The Top 10 green living myths
Is your lifestyle as ecofriendly as you think it is?
(Page 3 of 3)
5. Mercury emissions of CFLs versus incadescent lights: This is based on CFL mercury data from the EPA’s Energy Star Program. Mercury emissions per kWh are based on NERC subregion data from the EPA’s eGRID and state-level transmission loss data from the US Department of Energy. Health impacts of broken CFLs in homes based on remarks from Dr. Helen MacIntosh, a professor of environmental health at Harvard University, reported here.Skip to next paragraph
Subscribe Today to the Monitor
6. Paper versus plastic: Paper and plastic bags both require comparable amounts of energy per bag for production, given that paper bags are considerably more massive than plastic ones, though paper bags are slightly preferred. Data on life-cycle carbon emissions for paper and plastic are taken from FRIDGE: Socio-economic impact assessment of the proposed plastic bag regulations. Other reports argue that paper bags have higher life-cycle GHG emissions, though methodologies and analysis boundaries differ across reports.
7. Electric cars: This is based on wheel-to-wheel efficiency data for Tesla Roadster and Toyota RAV4 electric vehicles and electricity generation emissions data from the EPA’s eGRID for each NERC subregion.
8. Planting trees to help alleviate global warming: There is a wide and contentious literature on this question, though most people agree that carbon benefits of afforestation in temperate areas is at least partially offset by albedo effects. One of the seminal papers on the subject is Bala et al (2007), where they argue that:
"...[in high latitude areas] the warming carbon-cycle effects of deforestation are overwhelmed by the net cooling associated with changes in albedo and evapotranspiration. Latitude-specific deforestation experiments indicate that afforestation projects in the tropics would be clearly beneficial in mitigating global-scale warming, but would be counterproductive if implemented at high latitudes and would offer only marginal benefits in temperate regions. Although these results question the efficacy of mid- and high-latitude afforestation projects for climate mitigation, forests remain environmentally valuable resources for many reasons unrelated to climate."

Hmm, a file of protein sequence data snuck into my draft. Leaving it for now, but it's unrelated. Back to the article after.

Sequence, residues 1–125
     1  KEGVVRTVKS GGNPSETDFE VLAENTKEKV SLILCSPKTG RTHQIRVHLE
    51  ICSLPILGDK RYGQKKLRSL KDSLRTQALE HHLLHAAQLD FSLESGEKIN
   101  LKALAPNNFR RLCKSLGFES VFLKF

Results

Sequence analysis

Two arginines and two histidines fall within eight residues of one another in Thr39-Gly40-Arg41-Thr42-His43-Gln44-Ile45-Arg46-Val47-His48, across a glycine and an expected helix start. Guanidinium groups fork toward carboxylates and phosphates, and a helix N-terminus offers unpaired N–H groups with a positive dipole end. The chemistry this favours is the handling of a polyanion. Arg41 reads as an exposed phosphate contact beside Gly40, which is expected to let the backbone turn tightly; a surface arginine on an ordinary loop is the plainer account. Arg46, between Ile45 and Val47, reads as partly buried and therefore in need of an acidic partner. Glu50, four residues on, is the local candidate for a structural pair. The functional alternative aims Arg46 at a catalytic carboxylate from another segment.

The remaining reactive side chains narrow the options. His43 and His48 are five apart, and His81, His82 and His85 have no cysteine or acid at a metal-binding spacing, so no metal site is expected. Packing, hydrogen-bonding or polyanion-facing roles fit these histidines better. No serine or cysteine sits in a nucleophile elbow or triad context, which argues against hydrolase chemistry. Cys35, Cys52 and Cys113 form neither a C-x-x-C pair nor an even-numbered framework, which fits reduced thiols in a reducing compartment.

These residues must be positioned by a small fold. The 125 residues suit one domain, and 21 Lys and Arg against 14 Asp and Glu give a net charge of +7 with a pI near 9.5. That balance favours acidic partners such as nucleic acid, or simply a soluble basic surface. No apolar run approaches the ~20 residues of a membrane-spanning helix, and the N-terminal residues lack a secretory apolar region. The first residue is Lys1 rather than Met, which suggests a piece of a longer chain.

Click here for the paper.
9. Plastic milk jugs versus paper or glass: This is based on a the revised version of the comprehensive life-cycle analysis of plastic, paper, and glass half-gallon milk containers from Franklin Associates. You can find a summary of the report here.
10. Using the garbage disposal: Composting is ideal, but using the garbage disposal can be better from a carbon perspective than landfilling organic waste if your local wastewater treatment plant captures its methane emissions. This will differ by geographic area, and there are no good publicly available databases on which wastewater treatment plants capture methane and which do not. Note that there are cases in which waste disposed through the sink does not go to the sewer but is discharged to streams and rivers, and food waste can contribute to eutrophication and other nasty (though not carbon related) ecosystem impacts. See here and here for two contrasting views on this issue.